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Microsoft Reports Russian Hackers Targeted Emails of Senior Leaders

Russian hackers target emails of Microsoft senior leaders, company says

Microsoft revealed on Friday that a Russian hacking group, identified as Midnight Blizzard or Nobelium, gained unauthorized access to certain email accounts belonging to the company’s senior leaders. The software corporation disclosed the incident in a regulatory filing, stating that it detected a “nation-state attack” on its systems on January 12 and successfully halted the intrusion on January 13.

According to the filing, Nobelium utilized a “password spray attack” in November, a method involving the trial of commonly used passwords, to infiltrate a “legacy” account. Subsequently, the group leveraged the permissions of that compromised account to access a “very small percentage” of corporate email accounts. The affected accounts included those of Microsoft senior leadership, as well as employees in cybersecurity, legal, and other departments.

Microsoft Reports Russian Hackers Targeted Emails of Senior Leaders

Microsoft Reports Russian Hackers Targeted Emails of Senior Leaders (Credits: The Daily Beast)

Microsoft clarified that Nobelium’s primary objective initially appeared to be gathering information about the hacking group itself. There was no indication that the group gained access to customer accounts or AI systems. Microsoft is actively notifying employees whose emails were accessed and will inform customers if any action is necessary on their part.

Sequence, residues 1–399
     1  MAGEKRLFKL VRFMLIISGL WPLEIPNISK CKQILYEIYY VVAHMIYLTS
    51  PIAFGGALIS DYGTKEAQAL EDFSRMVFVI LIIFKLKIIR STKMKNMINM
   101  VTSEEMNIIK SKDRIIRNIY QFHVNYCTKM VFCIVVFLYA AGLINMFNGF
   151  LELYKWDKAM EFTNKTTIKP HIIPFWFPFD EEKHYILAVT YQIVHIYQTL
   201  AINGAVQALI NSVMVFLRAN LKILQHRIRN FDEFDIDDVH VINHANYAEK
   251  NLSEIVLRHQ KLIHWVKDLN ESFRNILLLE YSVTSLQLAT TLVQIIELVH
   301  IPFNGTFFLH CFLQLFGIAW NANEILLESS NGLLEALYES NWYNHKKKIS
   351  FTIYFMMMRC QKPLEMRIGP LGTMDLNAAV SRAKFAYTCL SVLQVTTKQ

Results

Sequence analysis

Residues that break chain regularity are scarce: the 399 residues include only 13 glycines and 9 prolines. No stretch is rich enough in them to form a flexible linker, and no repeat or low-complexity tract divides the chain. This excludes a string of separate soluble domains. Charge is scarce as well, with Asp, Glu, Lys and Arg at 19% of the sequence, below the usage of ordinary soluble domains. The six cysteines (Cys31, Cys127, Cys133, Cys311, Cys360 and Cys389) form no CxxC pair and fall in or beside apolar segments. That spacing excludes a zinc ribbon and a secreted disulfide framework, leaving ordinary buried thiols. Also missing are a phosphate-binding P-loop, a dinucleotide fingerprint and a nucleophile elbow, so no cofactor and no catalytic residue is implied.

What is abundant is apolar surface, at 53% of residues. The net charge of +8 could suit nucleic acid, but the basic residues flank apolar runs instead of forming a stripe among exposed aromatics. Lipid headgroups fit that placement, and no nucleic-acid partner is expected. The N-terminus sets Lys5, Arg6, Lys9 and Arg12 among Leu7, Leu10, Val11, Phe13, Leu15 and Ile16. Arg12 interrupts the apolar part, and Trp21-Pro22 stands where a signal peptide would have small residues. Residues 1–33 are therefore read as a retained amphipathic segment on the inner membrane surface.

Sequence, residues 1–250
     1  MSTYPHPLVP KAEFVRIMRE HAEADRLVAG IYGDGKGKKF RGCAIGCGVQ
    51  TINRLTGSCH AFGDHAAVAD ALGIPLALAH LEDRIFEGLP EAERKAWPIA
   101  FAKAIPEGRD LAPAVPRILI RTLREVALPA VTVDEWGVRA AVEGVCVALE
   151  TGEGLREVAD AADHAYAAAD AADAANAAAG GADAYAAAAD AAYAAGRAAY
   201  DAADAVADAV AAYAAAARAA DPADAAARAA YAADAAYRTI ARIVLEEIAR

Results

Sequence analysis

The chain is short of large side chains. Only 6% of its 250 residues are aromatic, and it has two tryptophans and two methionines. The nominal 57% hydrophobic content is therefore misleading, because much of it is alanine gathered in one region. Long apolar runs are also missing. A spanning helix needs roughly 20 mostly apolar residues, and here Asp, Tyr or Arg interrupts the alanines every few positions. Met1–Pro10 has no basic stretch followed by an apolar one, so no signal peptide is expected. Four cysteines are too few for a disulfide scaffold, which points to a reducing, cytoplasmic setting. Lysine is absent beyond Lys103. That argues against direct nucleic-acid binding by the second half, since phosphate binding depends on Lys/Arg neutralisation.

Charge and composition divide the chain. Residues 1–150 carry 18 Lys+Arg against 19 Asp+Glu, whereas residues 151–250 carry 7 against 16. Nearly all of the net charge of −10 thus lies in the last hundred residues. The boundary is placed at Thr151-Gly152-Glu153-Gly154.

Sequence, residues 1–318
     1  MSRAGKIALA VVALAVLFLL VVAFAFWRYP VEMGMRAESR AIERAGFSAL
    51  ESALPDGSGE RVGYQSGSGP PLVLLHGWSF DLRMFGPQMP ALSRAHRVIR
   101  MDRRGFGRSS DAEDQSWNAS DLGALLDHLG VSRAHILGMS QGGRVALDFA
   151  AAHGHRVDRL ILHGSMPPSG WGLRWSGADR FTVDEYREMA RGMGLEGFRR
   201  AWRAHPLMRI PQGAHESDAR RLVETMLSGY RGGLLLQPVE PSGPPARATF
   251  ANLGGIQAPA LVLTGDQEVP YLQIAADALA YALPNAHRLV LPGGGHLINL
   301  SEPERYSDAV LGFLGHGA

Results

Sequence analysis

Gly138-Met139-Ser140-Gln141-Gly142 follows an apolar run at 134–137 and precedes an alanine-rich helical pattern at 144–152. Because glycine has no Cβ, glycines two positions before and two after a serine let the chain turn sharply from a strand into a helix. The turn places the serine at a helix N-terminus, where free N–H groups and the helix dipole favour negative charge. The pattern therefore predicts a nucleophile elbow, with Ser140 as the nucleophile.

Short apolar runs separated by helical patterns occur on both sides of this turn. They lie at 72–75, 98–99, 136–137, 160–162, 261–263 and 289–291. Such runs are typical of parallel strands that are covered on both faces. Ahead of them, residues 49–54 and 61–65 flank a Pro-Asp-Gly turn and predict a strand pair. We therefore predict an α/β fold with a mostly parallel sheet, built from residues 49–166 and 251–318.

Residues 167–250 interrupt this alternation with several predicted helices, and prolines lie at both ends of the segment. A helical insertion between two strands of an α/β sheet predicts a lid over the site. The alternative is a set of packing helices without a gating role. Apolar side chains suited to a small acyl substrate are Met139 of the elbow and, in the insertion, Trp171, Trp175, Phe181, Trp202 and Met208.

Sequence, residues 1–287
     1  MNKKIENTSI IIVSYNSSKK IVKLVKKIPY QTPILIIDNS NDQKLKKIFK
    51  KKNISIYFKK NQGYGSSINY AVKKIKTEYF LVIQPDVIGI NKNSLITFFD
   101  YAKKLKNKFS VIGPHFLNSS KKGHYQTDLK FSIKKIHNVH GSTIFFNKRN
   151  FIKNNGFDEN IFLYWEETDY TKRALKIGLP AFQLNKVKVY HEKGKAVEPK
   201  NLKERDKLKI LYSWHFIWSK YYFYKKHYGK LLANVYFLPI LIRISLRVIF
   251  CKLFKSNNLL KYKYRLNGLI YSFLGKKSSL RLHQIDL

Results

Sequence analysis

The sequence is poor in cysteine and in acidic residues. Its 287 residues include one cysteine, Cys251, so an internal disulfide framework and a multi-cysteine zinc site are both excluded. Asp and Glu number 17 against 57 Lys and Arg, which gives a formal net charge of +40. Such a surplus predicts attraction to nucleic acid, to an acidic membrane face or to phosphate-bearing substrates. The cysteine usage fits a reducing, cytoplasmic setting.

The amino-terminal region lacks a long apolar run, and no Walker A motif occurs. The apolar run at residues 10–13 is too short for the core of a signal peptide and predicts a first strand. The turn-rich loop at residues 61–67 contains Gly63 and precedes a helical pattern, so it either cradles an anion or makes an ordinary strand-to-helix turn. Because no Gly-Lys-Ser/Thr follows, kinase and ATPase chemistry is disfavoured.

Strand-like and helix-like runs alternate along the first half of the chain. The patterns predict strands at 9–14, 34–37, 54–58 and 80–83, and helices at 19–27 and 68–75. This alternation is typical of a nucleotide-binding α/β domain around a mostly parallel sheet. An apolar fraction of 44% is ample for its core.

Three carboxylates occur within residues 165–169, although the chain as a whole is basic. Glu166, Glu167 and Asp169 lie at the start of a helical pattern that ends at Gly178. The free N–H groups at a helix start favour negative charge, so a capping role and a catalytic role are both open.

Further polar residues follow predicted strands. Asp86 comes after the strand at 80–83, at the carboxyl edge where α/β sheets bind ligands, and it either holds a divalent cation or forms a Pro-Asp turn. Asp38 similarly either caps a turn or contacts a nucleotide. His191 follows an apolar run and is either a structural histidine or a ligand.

The company emphasized that the attack did not stem from a vulnerability in its products or services. Instead, it underscored the ongoing risk organizations face from “well-resourced nation-state threat actors” like Nobelium. Notably, Nobelium was also responsible for the high-profile 2020 attack on the software company SolarWinds, targeting various government agencies, including the Pentagon.

Microsoft’s disclosure aligns with new government requirements mandating the disclosure of cybersecurity incidents. Under these regulations, companies must report any cybersecurity incident deemed to have a “material impact,” detailing the extent and nature of the impact. While Microsoft does not believe the attack had a material impact, the company opted to adhere to the spirit of the new rules by making the disclosure.

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